I wake up to the sound of my own chewing.
I remember the inadequate dinner served on the plane the night before. I remember a bus driver greeting us with an accent I had later decided could only be understood if I were smashed, and even then only every third word. He talked nonstop on the hour-long drive to a tiny triangular cabin that stood naked on the sandstone plain of western Ireland. There was not a tree in sight for it to cover itself with. The college dean gave us a brief and perfunctory tutorial on burning peat moss in the fireplace when we arrived. I remember the frenzy in my knees of having just arrived in a foreign country for the first time in my life. The energy it took to consciously remember everything I saw without the aid of a handheld camera.
I search for the glass of water I usually keep within arm’s reach. It is missing. I must have been completely exhausted to have forgotten that part of my long-established nighttime routine. My belly rumbles. I hear chewing again and am surprised to realize I am not its source. I look up and to the left to find a muzzle just clearing the top of a dainty lamp resting on an even daintier doily. A cow’s grisly muzzle juts out between lace curtains–the exact material I would want to chew if I were myself a cow. It occurs to me that the lamp, the doily, the bedside table are set about two feet away from the wall. Apparently, it is not the first time the cow has inserted herself into the doings of this household.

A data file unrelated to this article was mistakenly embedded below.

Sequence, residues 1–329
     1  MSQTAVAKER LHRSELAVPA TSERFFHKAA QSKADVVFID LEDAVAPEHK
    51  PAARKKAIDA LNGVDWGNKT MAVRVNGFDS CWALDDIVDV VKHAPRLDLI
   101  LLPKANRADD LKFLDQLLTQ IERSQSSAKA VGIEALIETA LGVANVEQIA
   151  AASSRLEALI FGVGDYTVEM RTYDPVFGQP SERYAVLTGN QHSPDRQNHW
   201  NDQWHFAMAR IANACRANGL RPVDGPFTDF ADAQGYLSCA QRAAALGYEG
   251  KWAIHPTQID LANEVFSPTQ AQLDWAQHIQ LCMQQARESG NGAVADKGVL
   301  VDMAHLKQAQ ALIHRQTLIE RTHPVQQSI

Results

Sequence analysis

I look to the clock on the wall across from the cow, across from me. 7:48 am on my first day of a semester studying art in Ballyvaughan. The cow huffs (I imagine from the sheer disappointment of finding a confused American in his room), then backs out of the window, and I put my feet down on the hardwood floor.